• The Rutans and the Sontaran war are given more time in this episode. We’ve only seen the Rutans directly once on screen, in the Tom Baker episode The Horror of Fang Rock.
  • And finally…when the Doctor makes his sonic screwdriver-assisted call to the Sontaran ship the TARDIS picks up the transmission, which Donna runs around the console to watch. When the screen becomes visible you can clearly see Rose Tyler on the screen, apparently trying to communicate with the Doctor via the TARDIS – but only for a split second before the Doctor’s message to the Sontarans (and Donna) begins.

Overall: A solid conclusion. Many times it seems like two part stories fall apart toward the end, but The Poison Sky was really pretty strong. I guess I wasn’t too distraught by the weakness of the Rattigan character because I wasn’t really expecting much. I was HOPING for more, but not expecting it. And it’s not like he was just awful…just not a character whose potential was fully realized.

Next Week, HOLY CRAP. The Doctor’s daughter? What?!

Rose on the TARDIS console monitor

Review Addendum: The Sontaran Stratagem

April 28, 2008

I rewatched The Sontaran Stratagem last night with my wife, and saw a few additional things of interest that I thought I’d capture. Nothing earth-shaking or mind-changing, just some additional thoughts.

David Tennant did an even better job than I initially indicated, and a real demonstration of his growing mastery of the role of the Tenth Doctor is made when visiting young genius boy Rattagan. His enthusiasm for the experiments and then immediate shift into ominous yet caring questioner of all “things” out of place was really well done. I had mentioned previously to my wife when we saw the clone that it must have been a Sontaran clone machine, as the umbilical was feeding into the back of the neck – so hearing the Doctor actually mention the “probic vent” and take advantage of the weakness was pretty cool. The Doctor’s abilities with sports equipment like tennis and cricket balls really hearkens back to the Davison era, which makes sense if you saw Time Crash.

There really must be more to Rattagan than meets the eye, or at least I hope that there is. Obviously this is a brilliant but spoiled child, but what causes someone like that to betray their entire home planet? Is he really that devoid of morality, or is there more going on? Is he using the Sontarans as pawns (as others have done in the classic series), or is this just another example of an under-written accomplice? I hope it’s the former, but I fear for the latter.

I really do like Bernard Cribbins as Donna’s grandfather. While I find her mother somewhat irritiating (and I think that’s the point), her Grandfather is quite interesting. He is a nice mix of lovely old codger and conspiracy enthusiast – something I can relate to, as he reminds me (to an extent) of my own late Grandpa. I went back and checked Voyage of the Damned, and while I remembered him appearing I didn’t realize that the credits actually name him with the same character name as Donna’s grandfather, which was a nice touch. Kind of like the throwaway line in Smith and Jones where Martha mentions her “cousin” killed at Canary Wharf.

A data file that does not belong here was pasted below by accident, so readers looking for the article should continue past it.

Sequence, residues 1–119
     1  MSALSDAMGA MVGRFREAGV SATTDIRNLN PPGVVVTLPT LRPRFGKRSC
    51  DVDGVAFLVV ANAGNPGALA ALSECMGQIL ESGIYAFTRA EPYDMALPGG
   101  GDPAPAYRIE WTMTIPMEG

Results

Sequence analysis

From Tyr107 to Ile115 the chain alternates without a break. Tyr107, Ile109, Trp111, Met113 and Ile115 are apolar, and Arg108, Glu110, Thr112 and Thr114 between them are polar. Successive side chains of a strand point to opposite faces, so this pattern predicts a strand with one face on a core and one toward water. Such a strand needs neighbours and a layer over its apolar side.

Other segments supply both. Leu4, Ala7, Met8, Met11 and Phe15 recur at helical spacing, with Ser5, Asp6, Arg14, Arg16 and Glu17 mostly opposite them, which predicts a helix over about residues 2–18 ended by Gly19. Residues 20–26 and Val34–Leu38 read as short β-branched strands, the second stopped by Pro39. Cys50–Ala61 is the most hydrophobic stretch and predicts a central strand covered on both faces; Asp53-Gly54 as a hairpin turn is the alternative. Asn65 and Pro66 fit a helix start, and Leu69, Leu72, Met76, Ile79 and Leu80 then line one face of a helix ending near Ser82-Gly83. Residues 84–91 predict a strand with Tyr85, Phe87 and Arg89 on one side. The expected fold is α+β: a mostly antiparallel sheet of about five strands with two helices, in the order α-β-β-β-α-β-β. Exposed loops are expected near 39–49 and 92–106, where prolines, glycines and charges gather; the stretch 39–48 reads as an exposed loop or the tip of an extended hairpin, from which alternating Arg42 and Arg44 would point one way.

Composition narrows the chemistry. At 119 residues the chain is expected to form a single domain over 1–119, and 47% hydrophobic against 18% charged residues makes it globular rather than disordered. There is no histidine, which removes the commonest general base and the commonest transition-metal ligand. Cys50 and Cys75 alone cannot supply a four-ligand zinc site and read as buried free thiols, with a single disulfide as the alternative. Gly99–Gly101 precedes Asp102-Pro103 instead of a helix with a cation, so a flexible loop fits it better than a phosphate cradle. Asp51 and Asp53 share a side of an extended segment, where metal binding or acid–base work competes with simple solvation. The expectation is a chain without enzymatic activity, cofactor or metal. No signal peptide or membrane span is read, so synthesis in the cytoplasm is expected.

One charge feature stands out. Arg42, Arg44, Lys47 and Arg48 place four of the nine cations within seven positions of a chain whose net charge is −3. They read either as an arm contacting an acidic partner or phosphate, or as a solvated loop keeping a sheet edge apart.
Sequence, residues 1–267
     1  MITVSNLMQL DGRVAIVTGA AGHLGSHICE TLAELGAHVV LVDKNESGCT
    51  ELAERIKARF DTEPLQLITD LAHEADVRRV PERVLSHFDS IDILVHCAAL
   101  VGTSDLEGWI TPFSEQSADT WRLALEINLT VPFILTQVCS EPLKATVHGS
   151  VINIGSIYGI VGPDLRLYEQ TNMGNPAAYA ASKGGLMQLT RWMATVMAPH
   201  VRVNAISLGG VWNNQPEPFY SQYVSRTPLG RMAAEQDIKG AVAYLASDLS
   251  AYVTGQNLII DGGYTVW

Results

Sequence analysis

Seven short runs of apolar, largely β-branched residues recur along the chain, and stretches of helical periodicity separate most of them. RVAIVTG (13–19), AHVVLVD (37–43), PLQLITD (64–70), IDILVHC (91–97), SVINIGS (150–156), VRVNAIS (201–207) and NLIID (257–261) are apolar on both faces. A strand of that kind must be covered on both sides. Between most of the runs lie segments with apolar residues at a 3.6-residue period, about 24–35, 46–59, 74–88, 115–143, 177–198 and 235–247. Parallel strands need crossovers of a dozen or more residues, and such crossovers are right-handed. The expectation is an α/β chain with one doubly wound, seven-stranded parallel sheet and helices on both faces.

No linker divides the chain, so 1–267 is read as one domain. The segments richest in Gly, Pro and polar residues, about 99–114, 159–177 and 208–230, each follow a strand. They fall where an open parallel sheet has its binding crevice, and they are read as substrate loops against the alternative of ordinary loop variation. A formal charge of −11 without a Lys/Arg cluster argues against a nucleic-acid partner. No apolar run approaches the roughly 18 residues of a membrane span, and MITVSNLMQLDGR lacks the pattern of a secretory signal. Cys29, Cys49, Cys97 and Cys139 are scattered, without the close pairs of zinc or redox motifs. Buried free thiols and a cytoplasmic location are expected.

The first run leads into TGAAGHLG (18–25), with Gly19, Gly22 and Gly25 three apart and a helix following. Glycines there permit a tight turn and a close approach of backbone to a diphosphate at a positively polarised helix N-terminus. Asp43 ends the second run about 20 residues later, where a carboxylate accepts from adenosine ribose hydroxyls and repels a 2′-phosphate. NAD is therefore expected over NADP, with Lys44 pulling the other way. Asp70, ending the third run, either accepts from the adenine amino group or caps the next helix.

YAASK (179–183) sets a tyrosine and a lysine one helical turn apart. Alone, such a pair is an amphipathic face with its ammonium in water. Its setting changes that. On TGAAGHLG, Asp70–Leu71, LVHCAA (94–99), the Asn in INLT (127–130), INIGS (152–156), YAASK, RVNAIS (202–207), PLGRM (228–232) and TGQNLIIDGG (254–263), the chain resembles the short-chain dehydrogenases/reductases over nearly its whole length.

So my final analysis is that this episode was even better when watched again. I hope that The Poison Sky ends up being a worthy conclusion – so many of the 2-part episodes end up having weak endings.

Review: The Sontaran Stratagem

April 27, 2008

Quick Summary: While giving Donna a TARDIS-driving lesson, the Doctor receives a mobile phone call from Dr. Martha Jones, still working with UNIT. A series of unexplained simultaneous deaths has led UNIT to storm the main factory for the ATMOS devices that are now installed on half the cars on Earth in order to eliminate carbon emissions. While the Doctor investigates the boy genius creator of the ATMOS system, Donna takes Martha’s advice to visit her family.

Story: This season of Doctor Who is turning into a real historical love fest. Each of the past few episodes have had some nods to the past, and the Sontaran Stratagem is just about the most obvious of the lot. Let’s count the ways:

Sontarans – Last seen in the original series story The Two Doctors, the Sontarans hold the interesting distinction of having more than the usual level of awareness of the Time Lords, having actually invaded Gallifrey in The Invasion of Time. They retain their weak point with the “probic vent” on the back of their necks.

UNIT – The Unified (Unit Nations) Intelligence Taskforce was featured in the new series most visibly in The Christmas Invasion, but was a staple of the original series from the Troughton era onwards, last seen in the McCoy story Battlefield. The Doctor did indeed join up with unit during the entirety of the Pertwee era – as the Doctor mentions, in the seventies.